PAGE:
I recently used one of those flexible flush-cut saws to get close when I cut off the nib. I've picked up some carving tools lately, so I'll try the curved knife. To make the final paring, I used a bench chisel with a low-angle grind, about 15 degrees (long bevel). It did a nice job cutting that end grain; better than the standard grind of 30 degrees.
"parting to" refers to the diameter of the nib. Since the wood likes to split along the grain, I've found it impractical to try and reduce my knife work by turning too small.
Curved knife is great, because you can hold the piece in one hand and trim with the other. Every way I've tried with a gouge has put one of my hands in jeopardy or put the piece in jeopardy of denting as I braced it against something.
Of course the power sander is the easiest, and I use it most of the time, though you can overheat and crack the wood if you're not careful.
Part off the goblet, take the 2" or 3" disk you use for power sanding and mount it in the drill press or for that matter in your lathe chuck. Sand off the bottom. It only takes a minute. After which, you can stick some nice green baize on the bottom, so no-one is worried about it scratching their nice polished tables (some people are paranoid about this - I lost a couple of sales a few years ago because of this, and since then, I try to baize everything)
For those that haven't heard it before, the best tip for getting a neat finish when using baize is to cut it to rough shape, but oversize, glue it on (I use a self-adhesive type), and then use abrasive paper (240 grit) to sand round the edge, working from the bottom side towards the top. The paper cuts the baize really cleanly to the exact profile of the work - hey presto, one neat finish!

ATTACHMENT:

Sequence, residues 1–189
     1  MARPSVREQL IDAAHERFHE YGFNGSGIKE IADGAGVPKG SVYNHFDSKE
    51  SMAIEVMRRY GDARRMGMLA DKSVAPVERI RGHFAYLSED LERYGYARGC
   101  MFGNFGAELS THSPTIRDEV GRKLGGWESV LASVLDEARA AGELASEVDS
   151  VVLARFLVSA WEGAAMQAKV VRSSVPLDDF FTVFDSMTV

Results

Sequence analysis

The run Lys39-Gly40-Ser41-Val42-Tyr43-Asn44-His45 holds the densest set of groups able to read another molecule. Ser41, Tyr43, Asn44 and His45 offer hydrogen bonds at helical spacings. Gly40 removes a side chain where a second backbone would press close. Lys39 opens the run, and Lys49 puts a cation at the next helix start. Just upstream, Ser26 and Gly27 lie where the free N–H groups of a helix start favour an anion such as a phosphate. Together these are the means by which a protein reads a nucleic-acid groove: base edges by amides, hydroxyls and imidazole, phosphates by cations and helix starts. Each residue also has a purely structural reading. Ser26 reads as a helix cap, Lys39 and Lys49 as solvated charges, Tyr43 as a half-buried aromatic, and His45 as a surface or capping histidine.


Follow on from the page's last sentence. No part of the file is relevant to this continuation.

Everyone looks at bottoms, so make sure yours is nice looking!
I have observed gallery and show customers (including myself and including instant galleries at symposiums and club meetings) pick something up and turn it over (dropping the test tube, light etc on the floor) with frightening regularity! I don't put the price on the bottom so that's not the reason.
I think it's the same thing acting when someone sees a box and first thing they do is open it. The hidden part intrigues us. In my turnings, I tool the bottom whenever possible, and add some v-grooves or beads, sand and finish like the rest of the bowl. Then I sign the piece and write on what type of wood it's made of. This gives them something to discover when they turn it over.
Is it worth the effort? (always the question for those of us trying to make a living with turning)..I believe it is. And another reason for that is that the detail on the bottom and my style of signing gives me a way to make my work distinctly mine. I think the customers notice the difference.
When I pick something up and notice the evidence of a chucking point still visible, It doesn't offend me if the bottom is finished nicely. I object to unplugged screw holes. Often when a chucking point is left on the piece, it means that the size of the chuck has determined the size of the foot or base of the piece, and that the base or foot is not in good proportion to the piece. For a well-proportioned piece to have evidence of the holding method doesn't detract from the quality of the piece.